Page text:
We're just two weeks away from Valentine's Day, so if you're planning on ordering anything online . . . you should probably get on that.
According to an annual survey by the National Retail Federation, the average American expects to spend $192.80 on Valentine's Day this year. (So, these days, that's about a dozen roses . . . and a dozen eggs.)
That's up from an average of $175 last year . . . but down from $196 in 2020. (Right as the WHO was announcing the coronavirus name: "COVID-19".)
Most people are planning to spend the same on significant others and family members as last year . . . roughly $130. Or two-thirds of the $193.
The increase this year is in the non-Valentine category: Gifts for pets . . . friends . . . coworkers . . . classmates . . . and teachers.
People ages 35 to 44 plan to spend the most . . . $336. They're followed by people ages 25 to 34, who plan to spend $238. Since those are well above the average, those ages 45 and older plan to spend a lot less.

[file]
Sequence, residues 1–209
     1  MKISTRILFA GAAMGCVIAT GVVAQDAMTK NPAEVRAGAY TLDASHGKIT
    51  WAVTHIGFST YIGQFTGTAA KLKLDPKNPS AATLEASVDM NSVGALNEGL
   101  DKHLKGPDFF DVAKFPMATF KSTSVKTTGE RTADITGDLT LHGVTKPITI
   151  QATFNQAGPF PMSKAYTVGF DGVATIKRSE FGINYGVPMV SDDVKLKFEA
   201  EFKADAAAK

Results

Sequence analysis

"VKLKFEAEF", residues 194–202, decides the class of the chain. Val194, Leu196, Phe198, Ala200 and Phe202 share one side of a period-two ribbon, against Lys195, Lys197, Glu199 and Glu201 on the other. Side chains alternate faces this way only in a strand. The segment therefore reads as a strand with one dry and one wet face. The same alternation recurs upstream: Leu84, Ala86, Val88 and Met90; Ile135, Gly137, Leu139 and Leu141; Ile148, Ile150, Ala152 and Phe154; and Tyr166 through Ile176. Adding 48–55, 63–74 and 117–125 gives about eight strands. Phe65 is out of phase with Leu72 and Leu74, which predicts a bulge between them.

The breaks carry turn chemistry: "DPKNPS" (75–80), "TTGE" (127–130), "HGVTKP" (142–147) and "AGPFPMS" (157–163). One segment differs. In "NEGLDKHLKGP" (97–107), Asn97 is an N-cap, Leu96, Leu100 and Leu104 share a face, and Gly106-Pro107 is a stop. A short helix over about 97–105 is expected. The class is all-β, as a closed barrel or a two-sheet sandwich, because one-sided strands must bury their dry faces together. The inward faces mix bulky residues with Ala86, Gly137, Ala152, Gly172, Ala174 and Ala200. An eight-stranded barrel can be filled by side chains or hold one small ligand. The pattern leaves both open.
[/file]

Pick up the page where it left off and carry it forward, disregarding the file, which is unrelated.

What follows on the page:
So what are people buying? 57% will pick up candy, and 40% will purchase greeting cards. Others will shell out for more expensive stuff like: Flowers . . . an evening out . . . an "experience" . . . jewelry . . . gift cards . . . and clothing.
Of course, not everyone celebrates Valentine's Day.
Among the people who don't, 28% will still mark the day in some way, with some non-Valentine's gifts . . . treating themselves to something special . . . or planning a get-together with single friends and family members.